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10. Adios, Sea Origin

Some Background...

semi-overcast 72 °F

Day 10, Saturday, June 25

Today’s agenda: Disembark. The worst day of any cruise is disembarkation day. Our flight departs at 10:35am for the short--under two hours--flight to Guayaquil's Jose Joaquin De Olmedo Airport, arriving at 1:21pm.


Breakfast in the restaurant is from 6:00am until 7:30am. Everyone is to be out of their suites by 7:00am so that the "turnaround" can commence. An entirely new batch of passengers will be arriving. We are responsible for our own carry-on luggage and must remember to bring our life vests for the Zodiac transfer.

After breakfast, we made our way to the holding area and then onward to the Zodiac for the ten-minute open water trip to the San Cristobal pier where sea lions welcomed us--or bid us adios--as the case may be.

Earlier, mist had been falling but it cleared as we made our way across the open water. Upon arrival at the bus, it began to lightly rain. Our timing was impeccable because rain on the Zodiac, even a light rain, would result in some very wet travellers.

It is a longer ride to the airport than they advertised. Told it would take three minutes, it actually took just over four. Check-in was easy. There was an immigration checkpoint that I don’t understand because this is an inter-country flight—The Galapagos is a part of Ecuador. Oh, well.

We have learned that many of our fellow passengers’ air travel arrangements went awry because of the civil unrest in Quito. Silversea re-booked all who had entrusted their flights to the cruise line so that they flew out of Guayaquil and not Quito. Those who made their own travel arrangements were not so lucky; I am unsure how they fared. Demonstrations and violence in Quito have prompted President Lasso to declare that the leader of the protesters, “Mr. Iza’s real intention is to overthrow the government.” He said, “To our indigenous and peasant brothers who have been brought to Quito under false pretenses, we ask you, for your safety and that of your families, to return to your communities. We cannot allow people to face off against people. Mr. Iza has no control over the demonstrations, nor over the criminality that his irresponsible actions have generated,” he said.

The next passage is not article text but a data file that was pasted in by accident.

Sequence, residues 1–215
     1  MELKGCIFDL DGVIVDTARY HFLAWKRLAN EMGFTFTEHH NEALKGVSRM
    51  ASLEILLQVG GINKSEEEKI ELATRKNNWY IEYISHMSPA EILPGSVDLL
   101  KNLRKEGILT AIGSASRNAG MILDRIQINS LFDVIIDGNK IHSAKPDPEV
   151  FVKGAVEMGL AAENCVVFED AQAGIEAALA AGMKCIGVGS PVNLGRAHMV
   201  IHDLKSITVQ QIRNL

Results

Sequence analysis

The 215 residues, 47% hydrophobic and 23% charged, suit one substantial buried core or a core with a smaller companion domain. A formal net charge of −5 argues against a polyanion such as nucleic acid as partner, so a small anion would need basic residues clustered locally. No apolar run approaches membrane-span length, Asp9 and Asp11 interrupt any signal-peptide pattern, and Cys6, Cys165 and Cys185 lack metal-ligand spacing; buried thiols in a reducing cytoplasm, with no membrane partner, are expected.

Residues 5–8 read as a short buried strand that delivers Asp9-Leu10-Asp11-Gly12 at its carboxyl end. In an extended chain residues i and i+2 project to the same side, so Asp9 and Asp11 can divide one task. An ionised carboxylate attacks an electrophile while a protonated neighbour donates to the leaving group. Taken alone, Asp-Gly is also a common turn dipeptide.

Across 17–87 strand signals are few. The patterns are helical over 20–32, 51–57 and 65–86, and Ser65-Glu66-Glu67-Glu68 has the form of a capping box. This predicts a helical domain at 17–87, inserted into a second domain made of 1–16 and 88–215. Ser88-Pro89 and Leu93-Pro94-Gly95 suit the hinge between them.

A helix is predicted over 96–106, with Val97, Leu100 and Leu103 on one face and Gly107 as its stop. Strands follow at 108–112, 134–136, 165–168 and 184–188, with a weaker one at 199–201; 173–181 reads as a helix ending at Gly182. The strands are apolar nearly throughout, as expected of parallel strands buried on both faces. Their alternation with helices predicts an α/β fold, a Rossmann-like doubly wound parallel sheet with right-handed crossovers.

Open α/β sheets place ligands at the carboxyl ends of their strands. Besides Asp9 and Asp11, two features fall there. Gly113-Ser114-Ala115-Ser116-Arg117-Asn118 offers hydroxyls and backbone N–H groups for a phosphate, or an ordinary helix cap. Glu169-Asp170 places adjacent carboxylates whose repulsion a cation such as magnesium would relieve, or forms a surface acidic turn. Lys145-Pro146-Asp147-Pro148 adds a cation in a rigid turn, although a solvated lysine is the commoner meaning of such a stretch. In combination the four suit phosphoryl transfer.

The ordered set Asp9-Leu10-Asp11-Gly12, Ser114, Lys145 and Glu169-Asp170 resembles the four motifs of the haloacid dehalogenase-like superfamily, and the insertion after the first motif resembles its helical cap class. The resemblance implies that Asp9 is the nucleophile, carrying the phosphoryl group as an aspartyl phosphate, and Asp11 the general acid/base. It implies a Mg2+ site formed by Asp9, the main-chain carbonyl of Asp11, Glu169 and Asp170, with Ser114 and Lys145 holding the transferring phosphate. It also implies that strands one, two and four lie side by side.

So, unconfirmed by us, our situation is that some are alleging that the place we now visit is under an active attempt at a coup d’etat.

What would it be like to live here in The Galapagos?


Ocean currents play a major climate role here. The cold Humbolt Current from the south dominates during June and November and meets with the warmer Equatorial Current creating a cooler, sometimes misty “La Garua” climate. Cooler water evaporates less which means fewer clouds form which means there is less rain. Between December and May, the Humbolt weakens making the water warmer and the weather wetter. I will say this: Snorkeling in June means jumping into water that is, frankly, damn cold. But, after five minutes or so, the cold water that penetrated your wet suit, (that's why they call it a "wet" suit) is heated up by your body and becomes a bit of an insulation layer. I was still cold in the water. When should you come to the Galapagos? The climate here is temperate year-round because of its location near the equator. There is a “hot season” from December through May when humidity is higher and temperatures approach 80 degrees and there is a bit more rain. The “dry season” runs from June through November is slightly cooler and features southeast trade winds and prompt an increase in marine activity. Because of its location, the length of the Galapagos day is always just about 12 hours each day.